Date of Award

2016

Document Type

Open Access Dissertation

Department

Nuclear Engineering

Sub-Department

College of Engineering and Computing

First Advisor

Travis W. Knight

Second Advisor

Elwyn Roberts

Abstract

Following the accident at the Fukushima plant, enhancing the accident tolerance of the light water reactor (LWR) fleet became a topic of serious discussion. Under the direction of congress, the DOE office of Nuclear Energy added accident tolerant fuel development as a primary component to the existing Advanced Fuels Program. The DOE defines accident tolerant fuels as fuels that “in comparison with the standard UO2- Zircaloy system currently used by the nuclear industry, can tolerate loss of active cooling in the reactor core for a considerably longer time period (depending on the LWR system and accident scenario) while maintaining or improving the fuel performance during normal operations, operational transients, as well as design-basis and beyond design-basis events.”

To be economically viable, proposed accident tolerant fuels and claddings should be backward compatible with LWR designs, provide significant operating cost improvements such as power uprates, increased fuel burnup, or increased cycle length. In terms of safety, an alternative fuel pellet must have resistance to water corrosion comparable to UO2, thermal conductivity equal to or larger than that of UO2, and a melting temperature that allows the material to remain solid under power reactor conditions. Among the candidates, U3Si2 has a number of advantageous thermophysical properties, including; high density, high thermal conductivity at room temperature, and a high melting temperature. These properties support its use as an accident tolerant fuel while its high uranium density is capable of supporting uprates to the LWR fleet.

This research characterizes U3Si2 pellets and analyzes U3Si2 under light water reactor conditions using the fuel performance code BISON. While some thermophysical properties for U3Si2 have been found in the literature, the irradiation behavior is sparse and limited to experience with dispersion fuels. Accordingly, the creep behavior for U3Si2 has been unknown, making it difficult to predict fuel-cladding mechanical behavior. This information is essential for designing accident tolerant fuel systems where ceramic claddings, like silicon carbide (SiC) are proposed. This research provides a model for both the thermal and irradiation creep behavior for U3Si2.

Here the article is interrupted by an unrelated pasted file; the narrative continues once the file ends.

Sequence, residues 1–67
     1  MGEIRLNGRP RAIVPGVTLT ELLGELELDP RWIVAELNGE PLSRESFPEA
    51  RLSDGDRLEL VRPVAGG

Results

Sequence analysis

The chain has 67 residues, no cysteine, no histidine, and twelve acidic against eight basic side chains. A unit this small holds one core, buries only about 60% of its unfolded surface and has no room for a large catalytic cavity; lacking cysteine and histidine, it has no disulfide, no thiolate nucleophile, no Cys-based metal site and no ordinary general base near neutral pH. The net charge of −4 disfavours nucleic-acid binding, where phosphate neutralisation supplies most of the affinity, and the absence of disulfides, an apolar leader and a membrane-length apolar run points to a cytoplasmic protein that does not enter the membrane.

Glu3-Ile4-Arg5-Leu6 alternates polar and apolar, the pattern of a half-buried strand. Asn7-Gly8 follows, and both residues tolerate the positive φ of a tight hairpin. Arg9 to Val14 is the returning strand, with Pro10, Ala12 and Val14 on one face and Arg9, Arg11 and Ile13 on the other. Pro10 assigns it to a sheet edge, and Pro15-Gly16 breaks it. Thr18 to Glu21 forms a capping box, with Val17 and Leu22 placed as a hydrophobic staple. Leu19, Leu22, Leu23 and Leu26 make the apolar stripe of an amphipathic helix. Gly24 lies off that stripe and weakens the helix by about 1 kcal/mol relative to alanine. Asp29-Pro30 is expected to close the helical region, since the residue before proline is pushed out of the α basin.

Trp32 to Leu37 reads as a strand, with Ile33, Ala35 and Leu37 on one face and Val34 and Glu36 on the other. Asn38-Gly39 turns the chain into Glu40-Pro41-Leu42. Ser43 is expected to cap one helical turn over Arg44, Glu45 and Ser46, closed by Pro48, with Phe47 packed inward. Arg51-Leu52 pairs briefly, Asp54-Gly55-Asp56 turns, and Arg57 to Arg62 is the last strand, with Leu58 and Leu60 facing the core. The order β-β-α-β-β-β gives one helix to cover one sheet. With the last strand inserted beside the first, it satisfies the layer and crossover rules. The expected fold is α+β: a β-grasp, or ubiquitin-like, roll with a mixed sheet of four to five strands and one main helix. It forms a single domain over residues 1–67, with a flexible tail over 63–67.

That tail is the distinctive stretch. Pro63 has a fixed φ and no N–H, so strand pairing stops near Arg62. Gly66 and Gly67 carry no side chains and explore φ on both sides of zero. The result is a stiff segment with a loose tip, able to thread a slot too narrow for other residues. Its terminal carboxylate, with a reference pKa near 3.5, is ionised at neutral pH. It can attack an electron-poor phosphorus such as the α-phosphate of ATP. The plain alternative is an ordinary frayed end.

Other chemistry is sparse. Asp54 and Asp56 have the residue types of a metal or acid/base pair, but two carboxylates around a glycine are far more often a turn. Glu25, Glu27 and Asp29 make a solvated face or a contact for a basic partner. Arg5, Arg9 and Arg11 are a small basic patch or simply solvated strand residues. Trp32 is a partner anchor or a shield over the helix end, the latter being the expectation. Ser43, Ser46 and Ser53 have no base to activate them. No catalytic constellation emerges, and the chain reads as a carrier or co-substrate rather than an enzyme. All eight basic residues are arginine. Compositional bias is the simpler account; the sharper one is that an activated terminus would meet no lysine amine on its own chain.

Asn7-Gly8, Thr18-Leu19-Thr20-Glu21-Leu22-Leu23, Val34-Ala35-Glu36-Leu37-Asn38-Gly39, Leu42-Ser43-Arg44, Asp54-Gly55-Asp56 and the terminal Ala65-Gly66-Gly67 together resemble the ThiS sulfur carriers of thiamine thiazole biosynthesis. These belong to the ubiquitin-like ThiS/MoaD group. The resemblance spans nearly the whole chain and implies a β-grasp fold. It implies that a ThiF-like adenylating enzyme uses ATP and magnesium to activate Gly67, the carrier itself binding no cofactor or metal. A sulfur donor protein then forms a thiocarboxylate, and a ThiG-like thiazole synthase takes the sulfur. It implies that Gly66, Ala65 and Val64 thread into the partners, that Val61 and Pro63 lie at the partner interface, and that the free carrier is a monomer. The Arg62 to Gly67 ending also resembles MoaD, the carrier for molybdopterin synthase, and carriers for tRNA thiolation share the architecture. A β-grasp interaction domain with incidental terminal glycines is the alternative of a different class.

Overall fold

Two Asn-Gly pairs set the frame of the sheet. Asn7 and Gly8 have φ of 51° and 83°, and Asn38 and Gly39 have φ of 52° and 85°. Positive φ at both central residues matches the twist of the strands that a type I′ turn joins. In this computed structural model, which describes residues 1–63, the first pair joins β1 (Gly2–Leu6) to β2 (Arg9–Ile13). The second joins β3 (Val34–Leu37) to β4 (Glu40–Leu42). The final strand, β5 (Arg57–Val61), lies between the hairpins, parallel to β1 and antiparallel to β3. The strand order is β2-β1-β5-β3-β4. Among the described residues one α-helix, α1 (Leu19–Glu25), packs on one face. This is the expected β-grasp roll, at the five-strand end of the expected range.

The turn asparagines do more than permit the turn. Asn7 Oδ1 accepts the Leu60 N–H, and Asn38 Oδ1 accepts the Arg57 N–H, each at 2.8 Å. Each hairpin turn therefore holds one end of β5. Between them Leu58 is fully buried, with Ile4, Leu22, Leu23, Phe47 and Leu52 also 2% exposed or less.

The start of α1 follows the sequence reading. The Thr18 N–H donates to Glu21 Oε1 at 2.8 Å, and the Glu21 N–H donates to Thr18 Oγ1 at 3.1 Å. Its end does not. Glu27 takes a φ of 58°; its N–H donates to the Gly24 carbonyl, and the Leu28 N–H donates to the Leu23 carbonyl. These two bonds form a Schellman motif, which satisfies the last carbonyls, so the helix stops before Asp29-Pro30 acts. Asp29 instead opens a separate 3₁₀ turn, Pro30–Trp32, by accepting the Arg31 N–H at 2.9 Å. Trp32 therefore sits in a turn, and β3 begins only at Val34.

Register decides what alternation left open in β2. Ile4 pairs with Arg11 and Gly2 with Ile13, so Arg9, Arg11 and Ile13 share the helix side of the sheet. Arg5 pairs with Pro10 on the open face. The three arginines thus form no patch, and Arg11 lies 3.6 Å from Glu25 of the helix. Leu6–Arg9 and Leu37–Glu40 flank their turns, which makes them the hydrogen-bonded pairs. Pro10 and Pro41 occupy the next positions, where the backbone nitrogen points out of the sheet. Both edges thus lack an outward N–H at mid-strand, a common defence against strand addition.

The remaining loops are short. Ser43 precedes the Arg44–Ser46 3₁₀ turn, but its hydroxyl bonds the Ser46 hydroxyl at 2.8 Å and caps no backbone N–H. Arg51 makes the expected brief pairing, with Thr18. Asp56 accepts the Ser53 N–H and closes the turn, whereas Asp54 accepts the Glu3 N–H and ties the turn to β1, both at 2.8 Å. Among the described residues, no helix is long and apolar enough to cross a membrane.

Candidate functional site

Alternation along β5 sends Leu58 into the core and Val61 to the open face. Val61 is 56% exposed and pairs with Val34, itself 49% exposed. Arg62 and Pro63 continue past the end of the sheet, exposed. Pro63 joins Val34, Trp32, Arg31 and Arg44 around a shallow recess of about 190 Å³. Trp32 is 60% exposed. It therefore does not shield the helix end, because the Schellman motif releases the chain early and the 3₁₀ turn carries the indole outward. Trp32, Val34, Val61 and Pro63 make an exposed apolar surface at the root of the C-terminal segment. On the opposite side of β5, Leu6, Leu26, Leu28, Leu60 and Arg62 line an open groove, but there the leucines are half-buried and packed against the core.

This body of research is comprised of both experimental and modeling components. Characterization of the fuel microstructure includes; optical microscopy with pore and grain size analysis, helium pycnometry for density determination, mercury intrusion porosimetry, compositional analysis in the form of XRD, second phase identification using EDX, electrical resistance measurement via four point probe, determination of hardness and toughness through Vickers indentation testing, and determination of elastic properties using the impulse excitation method. Post-sintering grain size data allowed for the determination of grain boundary activation energy and diffusion coefficients, which were used to develop creep models. This was extended to lattice and irradiation enhanced diffusion in order to develop a U3Si2 creep model over thermal and irradiation creep regimes. In addition to the creep model, thermal and swelling behavior models for U3Si2 were implemented into the BISON fuel performance code. A series of simulations evaluated the performance and behavior of U3Si2 under typical light water reactor conditions with advanced SiC ceramic cladding. Simulation results show that fuel creep relieves stress in the ceramic cladding and postpones the moment of fuel-clad contact. However, the stress reduction to the cladding is minimal because the fuel creep rate is low while the swelling rate is high. Future work should include the investigation of monolithic U3Si2 irradiation swelling since the current model relies upon the swelling data of U3Si2 particles in a metallic dispersion fuel. Additionally, planned thermal creep testing at the University of South Carolina can provide confirmation of the U3Si2 creep model contained herein.

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